NOTE #1: In some cases it may be necessary to remove the fuel tank from the vehicle to gain access to all wiring. Removing the tank is considerably easier with the vehicle on a hoist or vehicle lift: however, if a lift is not available, ALWAYS use properly rated jack stands to support the vehicle while removing the tank. Moreover, always observe basic safety rules, and NEVER smoke while working on a vehicle’s fuel system.
NOTE #2: When removing a fuel tank, always make notes, or take pictures of the routing and location of all wiring, fuel/vacuum lines, and other components. It is very easy to pinch wiring or fuel/vacuum lines during reassembly, which could lead to the fuel/EVAP system not working. It also goes without saying that all connections of hoses and lines must be made to industry standards during reassembly to avoid the possibility of leaks or other issues.
If no visible damage to wiring and/or connectors is found perform resistance, continuity, ground, and reference voltage tests on all associated wiring, but be sure to disconnect the fuel level sender unit from the PCM/BCM to prevent damage to the controller. Compare all obtained readings to those stated in the manual, but pay particular attention to the ground wire(s) and connection(s), since the sender unit relies on a sound ground to work at all.
Test the sender units’ ground by comparing it to a voltage drop test between the battery positive terminal and a suitable ground on the vehicle frame. The difference between the two voltage drop tests should not be greater than about 100 millivolts. Greater values indicate a malfunction in the input circuit. Make repairs or replace wiring as required to ensure that all readings fall within specifications, clear all codes, and retest the system to see if the code returns.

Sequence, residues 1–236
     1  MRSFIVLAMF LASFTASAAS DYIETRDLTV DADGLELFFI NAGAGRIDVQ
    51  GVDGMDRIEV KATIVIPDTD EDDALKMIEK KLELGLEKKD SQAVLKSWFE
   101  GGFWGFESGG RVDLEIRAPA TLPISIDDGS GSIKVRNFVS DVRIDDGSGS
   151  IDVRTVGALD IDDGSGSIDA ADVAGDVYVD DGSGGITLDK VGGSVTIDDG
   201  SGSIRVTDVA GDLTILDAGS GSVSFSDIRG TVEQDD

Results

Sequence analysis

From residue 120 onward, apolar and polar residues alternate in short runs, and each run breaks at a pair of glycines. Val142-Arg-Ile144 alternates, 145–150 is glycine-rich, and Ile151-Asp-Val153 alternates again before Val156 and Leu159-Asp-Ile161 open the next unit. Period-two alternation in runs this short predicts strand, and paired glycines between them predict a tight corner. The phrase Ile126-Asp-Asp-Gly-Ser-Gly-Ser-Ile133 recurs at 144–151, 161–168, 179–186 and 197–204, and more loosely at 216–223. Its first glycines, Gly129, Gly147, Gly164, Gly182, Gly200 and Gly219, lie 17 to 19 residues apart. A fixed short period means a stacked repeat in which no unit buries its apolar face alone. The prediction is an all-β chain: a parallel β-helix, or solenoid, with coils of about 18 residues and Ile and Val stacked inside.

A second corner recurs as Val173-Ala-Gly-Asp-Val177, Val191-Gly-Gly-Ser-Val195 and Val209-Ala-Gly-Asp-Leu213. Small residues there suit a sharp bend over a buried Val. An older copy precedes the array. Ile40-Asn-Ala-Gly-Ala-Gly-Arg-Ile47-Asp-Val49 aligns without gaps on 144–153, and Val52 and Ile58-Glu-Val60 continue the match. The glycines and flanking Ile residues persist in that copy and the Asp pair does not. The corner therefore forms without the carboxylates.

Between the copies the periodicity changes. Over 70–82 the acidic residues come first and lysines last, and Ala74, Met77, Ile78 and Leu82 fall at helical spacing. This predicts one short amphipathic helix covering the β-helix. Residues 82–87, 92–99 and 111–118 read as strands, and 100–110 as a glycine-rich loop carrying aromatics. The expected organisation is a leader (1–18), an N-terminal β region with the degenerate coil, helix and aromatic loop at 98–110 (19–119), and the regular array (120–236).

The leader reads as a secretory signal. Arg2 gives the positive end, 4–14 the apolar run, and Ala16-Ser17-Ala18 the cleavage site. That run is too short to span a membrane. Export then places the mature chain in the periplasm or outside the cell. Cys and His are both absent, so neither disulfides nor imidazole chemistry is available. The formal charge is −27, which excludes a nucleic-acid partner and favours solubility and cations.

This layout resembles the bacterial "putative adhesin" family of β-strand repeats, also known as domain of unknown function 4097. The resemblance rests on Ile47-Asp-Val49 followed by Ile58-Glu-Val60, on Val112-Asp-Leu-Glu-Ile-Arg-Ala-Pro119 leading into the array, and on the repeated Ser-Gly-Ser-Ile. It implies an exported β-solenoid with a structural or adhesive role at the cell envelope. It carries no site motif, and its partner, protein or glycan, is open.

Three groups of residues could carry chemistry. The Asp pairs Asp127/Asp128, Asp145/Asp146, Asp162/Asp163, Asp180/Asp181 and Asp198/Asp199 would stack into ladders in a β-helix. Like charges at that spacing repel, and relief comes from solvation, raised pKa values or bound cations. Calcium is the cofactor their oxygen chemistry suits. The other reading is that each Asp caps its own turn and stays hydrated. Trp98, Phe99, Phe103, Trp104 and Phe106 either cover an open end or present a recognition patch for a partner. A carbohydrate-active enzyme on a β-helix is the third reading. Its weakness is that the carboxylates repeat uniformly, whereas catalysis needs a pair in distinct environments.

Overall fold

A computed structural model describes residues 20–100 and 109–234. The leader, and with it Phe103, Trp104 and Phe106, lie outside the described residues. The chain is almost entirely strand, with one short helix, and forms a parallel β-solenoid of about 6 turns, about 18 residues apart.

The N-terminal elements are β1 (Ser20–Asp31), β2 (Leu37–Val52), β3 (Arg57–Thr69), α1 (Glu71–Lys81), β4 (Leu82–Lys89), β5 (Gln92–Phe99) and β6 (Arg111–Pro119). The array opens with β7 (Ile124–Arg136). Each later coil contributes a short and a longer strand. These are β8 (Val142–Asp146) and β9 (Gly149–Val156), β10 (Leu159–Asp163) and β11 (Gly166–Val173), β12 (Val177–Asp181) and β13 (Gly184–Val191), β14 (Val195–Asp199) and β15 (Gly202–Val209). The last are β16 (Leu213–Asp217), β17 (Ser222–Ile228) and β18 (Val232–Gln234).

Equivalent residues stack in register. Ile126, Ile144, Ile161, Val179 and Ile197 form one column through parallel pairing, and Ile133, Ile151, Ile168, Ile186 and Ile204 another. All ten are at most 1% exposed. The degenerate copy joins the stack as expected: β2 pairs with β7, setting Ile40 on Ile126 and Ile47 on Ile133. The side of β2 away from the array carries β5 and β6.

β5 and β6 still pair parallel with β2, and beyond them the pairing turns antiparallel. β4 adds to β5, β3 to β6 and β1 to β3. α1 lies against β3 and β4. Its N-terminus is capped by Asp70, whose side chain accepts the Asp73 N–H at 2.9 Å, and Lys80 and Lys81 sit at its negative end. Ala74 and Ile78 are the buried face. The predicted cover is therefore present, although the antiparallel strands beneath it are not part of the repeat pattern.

If the code persists despite all electrical values falling within specifications, test the sender unit itself by unplugging it from the system where it connects to the wiring harness. Depending on the application, the indicating needle on the gauge will move to either the “Full” or the “Empty” position. Note that the needle will move past either point, or to built-in stops in the gauge, thus, as far as it can go.
If the gauge needle does this, both the sender unit and associated wiring are fully functional. Note however that on some applications the needle may move rather slowly, so allow enough time for the needle to reach its point of maximum deflection before drawing any conclusions from this test.
If unplugging the sender unit does not produce maximum needle deflection, and it is certain that all electrical values fall within specifications it is safe to assume that the sender unit is defective. Be aware though that replacing the fuel level sender unit is more difficult on some applications than on others- in some cases, special tools may be required to remove the locking ring that secures the fuel pump canister. Always consult the manual on the correct (and safest) procedure to remove the fuel tank, or on how to gain access to the sender unit by removing seats and other items such as carpets.
Note that fuel sender units can typically not be repaired, but to avoid compatibility issues with the application’s electrical system, only ever replace a sender unit with an OEM part. While an aftermarket sender unit may fit the application, it often happens that the resistance rating of an aftermarket unit does not match the specifications of the application it is fitted to, which could result in inaccurate fuel level readings, or even fuel level readings that could indicate the tank is full when it is in fact empty.
WARNING: It is very important to take extreme care when fitting a fuel level sender unit. Any damage to the movable arm, for instance, barely noticeable bending or deformation of the arm could cause wildly inaccurate fuel level readings.
If the code persists despite having completed the repair procedure outlined above, it is likely that an intermittent fault is present. Be aware though that intermittent faults can often be extremely challenging and time consuming to find and repair, and in extreme cases the fault may have to be allowed to worsen considerably before an accurate diagnosis and definitive repair can be made.